Emmanuel Mouret

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swo17
Joined: Tue Apr 15, 2008 10:25 am
Location: SLC, UT

Re: Emmanuel Mouret

#26 Post by swo17 » Tue Jan 29, 2019 11:26 am

Awesome, good luck with that!

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domino harvey
Dot Com Dom
Joined: Wed Jan 11, 2006 2:42 pm

Re: Emmanuel Mouret

#27 Post by domino harvey » Fri Feb 08, 2019 1:45 pm

Unlike that dreaded Happy Endings reunion, I was actually able to buy tickets for this! And the Amanda screening with Hers' Q&A!

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soundchaser
No longer chasing skirts
Joined: Sun Aug 28, 2016 12:32 am

Re: Emmanuel Mouret

#28 Post by soundchaser » Mon Feb 11, 2019 1:42 am

I watched Caprice tonight and, while I wasn’t as totally blown away with it as domino, I like it more the further I think about it (which I suppose is fitting, given certain events in the film).

It’s not an original observation, but Mouret is clearly a gifted physical comedian in the style of Tati - the setpiece with his broken leg is a great one, and even his small facial expressions are charming almost to a fault. These overtly comic moments are where Mouret shines the strongest as an actor.

But where he really surprised me was as a writer - I think the script is much deeper than it appears on the surface. My thoughts aren’t extraordinarily coherent at the moment, but there’s a lot here about not only the illusion of male fantasy (which domino has expounded upon in his opening post) but also the nature of monogamous love, the apparent difficulty of gender-disparate friendships, and the danger of the parts of ourselves we may not even know exist. It’s for this last concern that Mouret’s Clément traps his own present in a kind of living memory, in contrast with Caprice, who performs in a collaborative play set thousands of years in the future. (I love the title of Clément’s play: “The Unfortunate Need for Love.” It’s a fantastic summation of a character whose feelings even he finds impossible to comprehend.)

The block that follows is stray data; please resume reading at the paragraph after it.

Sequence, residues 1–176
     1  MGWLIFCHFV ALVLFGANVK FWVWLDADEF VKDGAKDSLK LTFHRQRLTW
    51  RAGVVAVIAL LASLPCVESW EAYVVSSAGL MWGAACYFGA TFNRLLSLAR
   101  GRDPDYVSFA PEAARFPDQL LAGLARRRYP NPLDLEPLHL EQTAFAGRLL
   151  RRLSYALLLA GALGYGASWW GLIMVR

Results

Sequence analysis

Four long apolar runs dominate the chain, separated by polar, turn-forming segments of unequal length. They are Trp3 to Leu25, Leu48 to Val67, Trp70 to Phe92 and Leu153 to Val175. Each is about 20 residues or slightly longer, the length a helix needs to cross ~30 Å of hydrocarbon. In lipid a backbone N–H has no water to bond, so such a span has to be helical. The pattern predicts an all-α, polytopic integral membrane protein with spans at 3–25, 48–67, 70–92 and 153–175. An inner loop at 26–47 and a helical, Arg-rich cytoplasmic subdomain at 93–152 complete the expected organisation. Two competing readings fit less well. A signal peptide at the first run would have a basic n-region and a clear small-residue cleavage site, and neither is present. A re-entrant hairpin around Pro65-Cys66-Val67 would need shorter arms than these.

But Caprice’s theater scene is absolutely transcendent. It’s not only a diegetic nod to what’s come before (Caprice and her friend buy Clément and Thomas drinks in the bar to break their gender role; the play mentions such a blurring of gender) but also a summation of the film’s thematic questions: what does an “intersection” involving more than two people look like? Is it something we aren’t equipped to handle? Or is it our next evolutionary step? I have conflicted emotions about polyamory myself - are those because of something inherent within me, or is there a societal restriction I should be able to move past? At the risk of not answering any of these questions, let me just sum up the scene by saying that it’s astonishingly beautiful to look at.

And that’s just one of the gorgeous shots here - the pan down to the flowers blooming outside of Alicia’s apartment, the aquarium backlighting a dangerously intimate conversation, Clément’s phone ringing after what could be a final cut to black. It’s a pretty film even when not showing off, but those flashier moments are just impossible not to admire.

I’ll definitely have to check out some of Mouret’s earlier work. Even if they’re not as thematically rich or beautifully shot as this one, I’m sure they’ll be a lovely way to spend an evening.

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domino harvey
Dot Com Dom
Joined: Wed Jan 11, 2006 2:42 pm

Re: Emmanuel Mouret

#29 Post by domino harvey » Mon Feb 11, 2019 2:29 am

Beautiful thoughts. Wait til it lives in your head some more, that warm glow only grows in memory

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Aunt Peg
Joined: Fri Dec 21, 2012 5:30 am

Re: Emmanuel Mouret

#30 Post by Aunt Peg » Mon Feb 11, 2019 8:48 am

Anyone know when Mademoiselle de Joncquières will 'drop' on Netflix?

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